• 9. Chapter 1 Basic Router Configuration Configuring Basic ParametersVerifying Your Configuration To verify that you have properly configured the loopback interface, enter the show interface loopback command. You should see verification output similar to the following example. Router# show interface loopback 0 Loopback0 is up, line protocol is up Hardware is Loopback Internet address is 10.10.10.100/24 MTU 1514 bytes, BW 8000000 Kbit, DLY 5000 usec, reliability 255/255, txload 1/255, rxload 1/255 Encapsulation LOOPBACK, loopback not set Last input never, output never, output hang never Last clearing of "show interface" counters never Queueing strategy: fifo Output queue 0/0, 0 drops; input queue 0/75, 0 drops 5 minute input rate 0 bits/sec, 0 packets/sec 5 minute output rate 0 bits/sec, 0 packets/sec 0 packets input, 0 bytes, 0 no buffer Received 0 broadcasts, 0 runts, 0 giants, 0 throttles 0 input errors, 0 CRC, 0 frame, 0 overrun, 0 ignored, 0 abort 0 packets output, 0 bytes, 0 underruns 0 output errors, 0 collisions, 0 interface resets 0 output buffer failures, 0 output buffers swapped out Another way to verify the loopback interface is to ping it: Router# ping 10.10.10.100 Type escape sequence to abort. Sending 5, 100-byte ICMP Echos to 10.10.10.100, timeout is 2 seconds: !!!!! Success rate is 100 percent (5/5), round-trip min/avg/max = 1/2/4 msConfiguring Command-Line Access to the Router Perform these steps to configure parameters to control access to the router, beginning in global configuration mode. Command Purpose Step 1 line [aux | console | tty | vty] line-number Enters line configuration mode, and specifies the type of line. Example: This example specifies a console terminal for Router(config)# line console 0 access. Router(config)# Step 2 password password Specifies a unique password for the console terminal line. Example: Router(config)# password 5dr4Hepw3 Router(config)# Cisco 850 Series and Cisco 870 Series Access Routers Software Configuration Guide OL-5332-01 1-9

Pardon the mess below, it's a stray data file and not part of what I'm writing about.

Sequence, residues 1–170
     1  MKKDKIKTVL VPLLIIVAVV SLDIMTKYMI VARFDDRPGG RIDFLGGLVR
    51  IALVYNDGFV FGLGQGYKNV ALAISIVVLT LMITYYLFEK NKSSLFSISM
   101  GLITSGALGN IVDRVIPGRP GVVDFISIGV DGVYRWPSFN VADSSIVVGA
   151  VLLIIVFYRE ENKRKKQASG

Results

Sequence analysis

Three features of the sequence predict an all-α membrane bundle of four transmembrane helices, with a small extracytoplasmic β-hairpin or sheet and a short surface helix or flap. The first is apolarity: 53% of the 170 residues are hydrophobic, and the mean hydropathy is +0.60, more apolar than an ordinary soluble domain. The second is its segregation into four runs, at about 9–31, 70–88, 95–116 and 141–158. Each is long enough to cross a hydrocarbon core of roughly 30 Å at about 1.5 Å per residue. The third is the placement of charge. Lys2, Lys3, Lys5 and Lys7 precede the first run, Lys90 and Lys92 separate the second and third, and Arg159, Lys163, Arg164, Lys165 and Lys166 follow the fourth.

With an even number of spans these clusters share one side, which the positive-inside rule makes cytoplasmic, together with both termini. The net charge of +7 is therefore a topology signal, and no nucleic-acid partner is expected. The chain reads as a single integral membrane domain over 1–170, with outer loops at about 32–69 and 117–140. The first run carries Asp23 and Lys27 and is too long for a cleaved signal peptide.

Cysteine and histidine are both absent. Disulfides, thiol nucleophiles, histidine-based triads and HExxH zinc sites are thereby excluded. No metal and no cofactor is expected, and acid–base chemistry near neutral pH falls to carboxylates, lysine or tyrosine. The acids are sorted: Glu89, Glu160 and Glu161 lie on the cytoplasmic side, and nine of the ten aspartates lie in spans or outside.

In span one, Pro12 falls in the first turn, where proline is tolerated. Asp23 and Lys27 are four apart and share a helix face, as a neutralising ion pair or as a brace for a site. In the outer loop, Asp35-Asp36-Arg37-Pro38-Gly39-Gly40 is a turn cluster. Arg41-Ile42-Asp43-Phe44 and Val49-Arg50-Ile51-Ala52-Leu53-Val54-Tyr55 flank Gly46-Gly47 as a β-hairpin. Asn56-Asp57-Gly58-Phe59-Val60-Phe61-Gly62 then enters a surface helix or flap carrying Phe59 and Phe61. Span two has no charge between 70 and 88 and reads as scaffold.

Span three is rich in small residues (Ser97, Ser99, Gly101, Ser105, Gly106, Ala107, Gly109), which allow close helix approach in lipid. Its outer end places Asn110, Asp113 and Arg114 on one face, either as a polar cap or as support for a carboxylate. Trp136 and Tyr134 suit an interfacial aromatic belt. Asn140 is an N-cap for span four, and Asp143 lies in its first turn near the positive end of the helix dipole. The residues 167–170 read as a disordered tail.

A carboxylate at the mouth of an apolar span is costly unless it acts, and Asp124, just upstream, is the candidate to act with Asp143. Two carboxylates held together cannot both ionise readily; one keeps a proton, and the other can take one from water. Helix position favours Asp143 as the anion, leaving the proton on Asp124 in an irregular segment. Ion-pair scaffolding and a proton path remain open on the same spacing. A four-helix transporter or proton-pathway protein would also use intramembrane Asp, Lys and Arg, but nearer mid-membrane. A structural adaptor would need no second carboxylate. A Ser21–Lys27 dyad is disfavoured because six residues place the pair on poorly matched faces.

• 10. Chapter 1 Basic Router Configuration Configuring Basic Parameters Command Purpose Step 3 login Enables password checking at terminal session login. Example: Router(config)# login Router(config)# Step 4 exec-timeout minutes [seconds] Sets the interval that the EXEC command interpreter waits until user input is detected. The Example: default is 10 minutes. Optionally, add seconds to Router(config)# exec-timeout 5 30 the interval value. Router(config)# This example shows a timeout of 5 minutes and 30 seconds. Entering a timeout of 0 0 specifies never to time out. Step 5 line [aux | console | tty | vty] line-number Specifies a virtual terminal for remote console access. Example: Router(config)# line vty 0 4 Router(config)# Step 6 password password Specifies a unique password for the virtual terminal line. Example: Router(config)# password aldf2ad1 Router(config)# Step 7 login Enables password checking at the virtual terminal session login. Example: Router(config)# login Router(config)# Step 8 end Exits line configuration mode, and returns to privileged EXEC mode. Example: Router(config)# end Router# For complete information about the command line commands, see the Cisco IOS Release 12.3 documentation set. Cisco 850 Series and Cisco 870 Series Access Routers Software Configuration Guide1-10 OL-5332-01